By Cameron Arndt, all photos by CA, all shows reviewed took place 9th-12th July 2017
It’s been a stormy day in Montreux. We step off the train into a torrential rainstorm and struggle through the short walk to our hotel near the lakeside. The usual spectacular view is completely obscured by clouds and mist, with only the start of the lake visible and no hint of the stunning vista of mountains that lies on the far side.
Fortunately the rain has halted by the time Sari Schorr takes to the outdoor park stage at the festival at 8pm. One of the (many) great features of the Montreux Jazz Festival is the amount of free shows that one can see. With no admission charge to the festival itself, the enterprising music fan can wander in along the extensive promenade of bars, food outlets and venues and discover a host of eclectic musical delights on the park stage and other free venues – in addition to the bigger paid shows in the Jazz Club and Stravinski Auditorium, which towers above the rest of the festival.
Where else could you see an artist of Schorr’s calibre absolutely free and in a stunning (albeit still somewhat cloud obscured) setting? Schorr and her band, The Engine Room, quickly dispel any lingering unease at the temperamental weather and – despite an unfortunate recurrence of the rain midway through their set – turn in a typically sensational performance.
Sari Schorr And The Engine Room
Opening with Ain’t Got No Money they treat the hardy audience members to a large chunk of music from Schorr’s excellent debut album, Force Of Nature, and the rocking, bluesy and soulful tunes are a perfect antidote to our weather woes. Schorr is clearly delighted to be here and delivers every number with typical passion and intensity, morphing her sterling voice to suit each song. At times her vocals are smooth, bewitching, and at other moments they are raw and full of grit.
She’s accompanied by her four piece band – and they’re very much a band, no mere conflagration of backing musicians. Hardened by months on the road this year they play with an almost telepathic synthesis. Witness, for example, the rhythm section of Kevins O’Rourke and Jefferies laying down a spot on blues groove on Demolition Man, while keysman Anders Olinder tops it with lashings of organ. Meanwhile, what can be said about guitarist Innis Sibun that hasn’t already been said a thousand times? The former Robert Plant guitarist is a sensational player, and fires out scorching solos and subtle licks throughout, while stalking the stage, kneeling down to play to rain soaked fans at the front and providing the perfect foil to Schorr’s commanding performance.
The guitarist’s history is nodded to on a visceral cover of Led Zeppelin’s Rock & Roll – where O’Rourke also gets to show off his chops on the dynamic fills. Indeed Schorr herself seems so entranced watching the band she almost forgets to sing, prompting a dash to the mic for the opening line. She makes it, and completely owns a challenging, iconic vocal.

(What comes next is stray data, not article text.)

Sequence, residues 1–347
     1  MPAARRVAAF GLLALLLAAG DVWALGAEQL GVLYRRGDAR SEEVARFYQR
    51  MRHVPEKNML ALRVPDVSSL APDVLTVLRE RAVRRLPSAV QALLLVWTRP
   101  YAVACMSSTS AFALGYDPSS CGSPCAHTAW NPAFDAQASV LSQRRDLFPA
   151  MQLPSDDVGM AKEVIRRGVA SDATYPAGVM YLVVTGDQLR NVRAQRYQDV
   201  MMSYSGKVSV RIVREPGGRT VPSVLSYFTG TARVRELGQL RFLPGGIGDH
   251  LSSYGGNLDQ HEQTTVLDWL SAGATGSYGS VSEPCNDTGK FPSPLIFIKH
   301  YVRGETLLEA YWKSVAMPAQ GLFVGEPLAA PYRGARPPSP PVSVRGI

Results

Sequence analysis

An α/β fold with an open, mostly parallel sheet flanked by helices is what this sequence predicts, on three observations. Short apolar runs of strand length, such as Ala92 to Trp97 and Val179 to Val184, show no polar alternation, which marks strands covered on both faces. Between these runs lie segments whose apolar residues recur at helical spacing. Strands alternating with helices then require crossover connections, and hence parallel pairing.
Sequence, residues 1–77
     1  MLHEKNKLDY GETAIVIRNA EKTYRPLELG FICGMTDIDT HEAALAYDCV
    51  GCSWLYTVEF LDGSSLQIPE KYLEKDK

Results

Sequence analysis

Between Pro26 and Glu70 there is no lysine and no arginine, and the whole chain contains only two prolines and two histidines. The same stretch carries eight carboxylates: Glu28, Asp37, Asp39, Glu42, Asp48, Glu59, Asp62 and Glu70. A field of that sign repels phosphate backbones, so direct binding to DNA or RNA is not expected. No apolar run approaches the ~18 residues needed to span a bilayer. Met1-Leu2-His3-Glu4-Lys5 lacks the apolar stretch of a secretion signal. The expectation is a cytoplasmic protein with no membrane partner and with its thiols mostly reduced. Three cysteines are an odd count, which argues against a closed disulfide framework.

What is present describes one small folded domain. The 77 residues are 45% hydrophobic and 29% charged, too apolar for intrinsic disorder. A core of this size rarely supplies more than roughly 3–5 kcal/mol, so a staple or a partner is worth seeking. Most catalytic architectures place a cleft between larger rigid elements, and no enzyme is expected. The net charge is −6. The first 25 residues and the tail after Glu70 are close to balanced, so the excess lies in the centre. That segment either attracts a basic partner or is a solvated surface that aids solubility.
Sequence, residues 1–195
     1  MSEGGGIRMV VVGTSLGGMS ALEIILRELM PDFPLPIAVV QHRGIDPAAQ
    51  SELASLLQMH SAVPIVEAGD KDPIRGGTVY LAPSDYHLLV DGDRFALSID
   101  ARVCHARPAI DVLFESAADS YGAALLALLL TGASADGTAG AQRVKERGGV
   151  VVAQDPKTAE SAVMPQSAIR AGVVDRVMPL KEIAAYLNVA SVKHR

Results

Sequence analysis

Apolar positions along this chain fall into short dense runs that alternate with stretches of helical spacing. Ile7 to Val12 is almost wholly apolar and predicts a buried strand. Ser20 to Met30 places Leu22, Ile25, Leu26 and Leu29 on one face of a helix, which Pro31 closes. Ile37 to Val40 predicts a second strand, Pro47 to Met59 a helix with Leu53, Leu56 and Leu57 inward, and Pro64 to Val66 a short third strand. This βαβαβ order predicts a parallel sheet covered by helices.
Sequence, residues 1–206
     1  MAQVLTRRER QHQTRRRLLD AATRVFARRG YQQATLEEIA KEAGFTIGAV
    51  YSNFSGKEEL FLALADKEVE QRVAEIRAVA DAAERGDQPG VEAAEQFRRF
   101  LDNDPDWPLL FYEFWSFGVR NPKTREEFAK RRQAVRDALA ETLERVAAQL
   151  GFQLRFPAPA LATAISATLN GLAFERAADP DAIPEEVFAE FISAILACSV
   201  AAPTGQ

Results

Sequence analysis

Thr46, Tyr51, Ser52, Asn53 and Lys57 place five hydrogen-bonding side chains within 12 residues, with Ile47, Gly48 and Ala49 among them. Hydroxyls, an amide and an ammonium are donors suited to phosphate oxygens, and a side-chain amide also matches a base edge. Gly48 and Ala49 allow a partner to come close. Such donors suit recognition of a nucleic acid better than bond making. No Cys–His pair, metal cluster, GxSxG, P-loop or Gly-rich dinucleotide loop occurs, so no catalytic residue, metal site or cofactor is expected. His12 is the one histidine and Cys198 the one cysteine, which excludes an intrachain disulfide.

Elsewhere the band turn in a mesmerising new take on Led Belly’s Where Did You Sleep Last Night? With Schorr digging deep down to emulate the great man’s low tones then soaring to great peaks that are all her own. She makes sure to note that without Led Belly there would be no rock and roll, then invites us to journey to her part of the world on the silky, grooving Oklahoma.
Sibun’s skills are brilliantly showcased on Freddie King’s superlative guitar instrumental Hideaway, while the band tempt fate during a powerful, knowing Stormy Monday before Olinder backs Schorr with sweet piano playing on the gorgeous Ordinary Life.
The rain eases a little for the rocking Damn The Reason and excellent Aunt Hazel before Schorr and The Engine Room bring the curtain down on a superb hour and a half with their reinvention of Black Betty, which breathes new life into the oft-covered standard.
Catch them while – and whenever – you can!
Something I was a little disappointed in ahead of this year’s festival was the retirement of the free ‘Rock Cave’ in favour of a ‘more eclectic’ line up in the new ‘Liztomania’ venue. Granted rock and blues are my own personal favourite genres, and I realise the need for the festival to appeal to as many fans as possible, however I was afraid this change would prove too big.
Nevertheless we sure needed time out of the rain, so headed into the venue, situated directly under the Stravinski Auditorium. Sadly my fears proved rather well founded with a line up which featured many acts playing ambient, dance oriented music. While such groups obviously have a place, and a fanbase, this year I found opportunities to see rock, metal, blues and jazz acts much reduced and, with a ton of bars along the lake front all providing entertainment by DJs I’d like to think there could be a place for more back-to-basics music as well. Why not have a bar or two dedicated to local/up and coming bands perhaps?
Also, while the name ‘Rock Cave’ perhaps sounds a bit narrow, in previous years I’ve found the line up to be pretty eclectic, with bands such as US blues duo Moreland & Arbuckle, English indie rockers Marmosets and former Sex Pistol Glen Matlock all appearing alongside excellent bands from Switzerland, France and further afield. To me it just seems a shame that the Park Stage was the only place one could see a variety of rock, indie, jazz and other bands this year and I hope the festival thinks about how they can add this back in next year – along with the more eclectic stuff which is clearly popular amongst younger festival goers.